Write compiled bytecode inline with standard Python syntax.
HAX lets you write compiled bytecode inline with standard Python syntax.
HAX supports CPython 3.6–3.9.
To install, just run:
$ pip install hax
Consider the following function; it accepts a sequence of items, and returns a list with each item repeated twice:
from typing import List, Sequence, TypeVar T = TypeVar("T") def double(items: Sequence[T]) -> List[T]: out =  for item in items: out += item, item return out
(0, 1, 2) becomes
[0, 0, 1, 1, 2, 2].
We can make this function faster by keeping
out on the stack (instead of in a
local variable) and using the
LIST_APPEND op to build it. HAX makes it
simple to inline these instructions:
from hax import * @hax def double(items: Sequence[T]) -> List[T]: BUILD_LIST(0) for item in items: LOAD_FAST("item") DUP_TOP() LIST_APPEND(3) LIST_APPEND(2) RETURN_VALUE()
If you're up to the challenge of computing jump targets, the function can be further sped up by rewriting the for-loop in bytecode, removing all temporary variables, and operating entirely on the stack:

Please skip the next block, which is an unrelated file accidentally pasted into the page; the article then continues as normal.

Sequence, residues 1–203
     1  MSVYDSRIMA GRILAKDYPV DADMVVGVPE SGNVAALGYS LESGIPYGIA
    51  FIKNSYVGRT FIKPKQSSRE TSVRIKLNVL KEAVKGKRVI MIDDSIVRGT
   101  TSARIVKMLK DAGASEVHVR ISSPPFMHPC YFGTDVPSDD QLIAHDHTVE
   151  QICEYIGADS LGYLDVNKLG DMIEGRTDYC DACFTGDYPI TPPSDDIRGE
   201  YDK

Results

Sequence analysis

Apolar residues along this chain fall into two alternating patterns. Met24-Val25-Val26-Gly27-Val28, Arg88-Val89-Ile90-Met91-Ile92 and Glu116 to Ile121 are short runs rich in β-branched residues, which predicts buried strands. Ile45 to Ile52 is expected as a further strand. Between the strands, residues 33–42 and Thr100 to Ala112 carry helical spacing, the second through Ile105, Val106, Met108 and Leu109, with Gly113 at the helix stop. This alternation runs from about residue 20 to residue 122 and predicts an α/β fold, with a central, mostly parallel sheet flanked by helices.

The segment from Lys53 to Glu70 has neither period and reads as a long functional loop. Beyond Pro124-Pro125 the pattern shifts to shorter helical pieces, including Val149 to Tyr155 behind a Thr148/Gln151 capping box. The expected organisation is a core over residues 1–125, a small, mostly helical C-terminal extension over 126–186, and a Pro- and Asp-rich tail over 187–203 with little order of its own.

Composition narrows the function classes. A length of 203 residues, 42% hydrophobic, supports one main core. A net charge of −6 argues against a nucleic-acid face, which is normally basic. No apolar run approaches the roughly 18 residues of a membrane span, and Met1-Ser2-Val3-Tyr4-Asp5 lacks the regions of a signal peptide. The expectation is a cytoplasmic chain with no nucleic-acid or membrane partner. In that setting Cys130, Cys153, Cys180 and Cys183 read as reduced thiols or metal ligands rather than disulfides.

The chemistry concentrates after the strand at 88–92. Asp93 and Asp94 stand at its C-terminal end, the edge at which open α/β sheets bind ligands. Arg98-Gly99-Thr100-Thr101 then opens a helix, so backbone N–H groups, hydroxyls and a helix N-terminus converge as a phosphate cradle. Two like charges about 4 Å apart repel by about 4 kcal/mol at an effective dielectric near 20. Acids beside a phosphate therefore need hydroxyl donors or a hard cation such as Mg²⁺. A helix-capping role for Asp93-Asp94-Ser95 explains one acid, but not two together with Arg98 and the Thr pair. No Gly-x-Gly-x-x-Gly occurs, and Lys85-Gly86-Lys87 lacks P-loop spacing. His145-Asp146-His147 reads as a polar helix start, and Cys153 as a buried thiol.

@hax def double(items: Sequence[T]) -> List[T]: BUILD_LIST(0) LOAD_FAST("items") GET_ITER() FOR_ITER(34) # When done, jump forward to RETURN_VALUE(). DUP_TOP() LIST_APPEND(3) LIST_APPEND(2) JUMP_ABSOLUTE(28) # Jump back to FOR_ITER(34). RETURN_VALUE()
It's important to realize that the functions HAX provides (
LOAD_FAST, ...) aren't just "emulating" their respective bytecode
@hax decorator detects them, and completely recompiles
double's code to use the actual ops that we've specified here!
These performance improvements are impossible to get from CPython's compiler and optimizer alone.
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